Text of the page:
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Colorado lawmaker kicks photographer

Steven K. Paulson
Vail, CO Colorado
Mark T. Osler, AP/The Denver PostRepresentative-elect Doug Bruce (center), of Colorado Springs, kids with Rep. Rosemary Marshall (D-Dist. 8), right, about the attention he was receiving Monday morning, on the House floor.
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DENVER, Colorado ” New lawmaker Douglas Bruce brought a Bible to the Legislature on Monday and kicked a photographer for taking his picture during the morning prayer, but he didn’t get the swearing-in ceremony he demanded, with the full House in attendance.

Bruce, the anti-tax crusader who was chosen by El Paso County Republicans to fill a vacant seat, agreed to take the oath of office later when the House wasn’t in session ” standard practice for midterm appointees.

He wanted the House to be in session because he said Democrats accused him of wrongdoing for delaying his swearing-in until five days after the session started.



Bruce said last week he had done nothing wrong and vowed, “It will not be a proceeding in secret.”

House Speaker Andrew Romanoff, a Denver Democrat, refused. “I’m not willing to delay the business of the House to indulge anyone’s vanity,” he said Friday.



Fellow Republicans threatened to give the open seat to someone else if Bruce didn’t take the oath by the end of the day Monday. It wasn’t clear whether that was a factor in his decision to back down.

Bruce went to the House floor Monday as a guest of Rep. Kent Lambert, a fellow Republican from Colorado Springs

Bruce got upset when a photographer from the Rocky Mountain News took his picture during the traditional prayer to open Monday’s brief session.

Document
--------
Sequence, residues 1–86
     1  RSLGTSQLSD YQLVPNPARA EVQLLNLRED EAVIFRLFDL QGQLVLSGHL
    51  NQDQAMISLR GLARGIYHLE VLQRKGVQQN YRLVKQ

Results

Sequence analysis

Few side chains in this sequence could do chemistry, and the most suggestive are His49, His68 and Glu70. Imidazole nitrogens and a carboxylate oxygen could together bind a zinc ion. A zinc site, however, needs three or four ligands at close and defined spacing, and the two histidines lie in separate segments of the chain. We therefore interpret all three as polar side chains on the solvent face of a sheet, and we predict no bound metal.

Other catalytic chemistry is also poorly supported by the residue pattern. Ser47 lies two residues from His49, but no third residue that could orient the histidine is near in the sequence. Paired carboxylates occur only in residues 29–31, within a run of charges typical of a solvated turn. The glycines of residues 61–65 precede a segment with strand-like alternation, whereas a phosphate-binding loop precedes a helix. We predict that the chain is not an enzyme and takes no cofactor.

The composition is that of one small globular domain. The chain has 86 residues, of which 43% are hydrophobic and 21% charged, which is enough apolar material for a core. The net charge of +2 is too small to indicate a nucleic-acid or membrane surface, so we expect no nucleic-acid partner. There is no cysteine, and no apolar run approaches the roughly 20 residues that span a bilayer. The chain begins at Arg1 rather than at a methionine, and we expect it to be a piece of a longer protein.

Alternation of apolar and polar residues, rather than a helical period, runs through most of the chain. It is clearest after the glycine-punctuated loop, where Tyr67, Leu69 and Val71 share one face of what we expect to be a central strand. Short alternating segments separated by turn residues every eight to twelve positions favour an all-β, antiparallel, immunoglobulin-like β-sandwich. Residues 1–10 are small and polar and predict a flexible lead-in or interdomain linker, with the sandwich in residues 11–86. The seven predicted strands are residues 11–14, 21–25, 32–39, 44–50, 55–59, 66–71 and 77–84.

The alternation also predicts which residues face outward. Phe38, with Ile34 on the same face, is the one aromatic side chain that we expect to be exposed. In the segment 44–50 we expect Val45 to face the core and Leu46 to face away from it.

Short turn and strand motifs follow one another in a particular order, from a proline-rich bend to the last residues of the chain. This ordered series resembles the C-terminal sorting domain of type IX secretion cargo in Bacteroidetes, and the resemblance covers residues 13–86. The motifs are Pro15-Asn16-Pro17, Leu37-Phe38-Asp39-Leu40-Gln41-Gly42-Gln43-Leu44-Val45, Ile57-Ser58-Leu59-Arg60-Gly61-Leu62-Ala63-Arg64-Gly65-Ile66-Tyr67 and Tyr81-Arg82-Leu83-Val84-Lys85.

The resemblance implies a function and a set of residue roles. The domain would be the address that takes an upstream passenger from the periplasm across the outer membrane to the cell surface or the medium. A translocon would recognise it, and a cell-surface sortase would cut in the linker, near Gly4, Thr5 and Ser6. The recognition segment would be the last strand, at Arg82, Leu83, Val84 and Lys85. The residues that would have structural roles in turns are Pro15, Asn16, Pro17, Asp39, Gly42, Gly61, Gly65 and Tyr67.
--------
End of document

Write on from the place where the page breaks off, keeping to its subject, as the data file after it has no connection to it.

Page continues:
“Don’t do that again,” Bruce said, then brought down the sole of his shoe hard on the photographer’s bent knee. Bruce offered no explanation or apology as the photographer left.

Rocky Mountain News Editor John Temple said the photographer had a right to take Bruce’s picture. Temple said he would discuss the incident with House leadership.

“The House floor is a place where journalists are allowed to operate. It’s outrageous for Mr. Bruce in a public place to assault a photographer,” Temple said.

Midterm appointees typically are sworn in shortly after their appointments during private ceremonies usually presided over by the chief Justice of the Colorado Supreme Court. A swearing-in while the House is in session would cause a delay of about 15 minutes.

Bruce was chosen last month to fill a vacant House seat but waited to take the oath until Monday ” when the unexpired term will be more than half over ” so he will be eligible to serve eight more years under term limits, instead of six.

Bruce said the delay was recommended by a judge during a previous court challenge to term limits.

Romanoff has said Bruce should have taken the oath within 10 days of his appointment.


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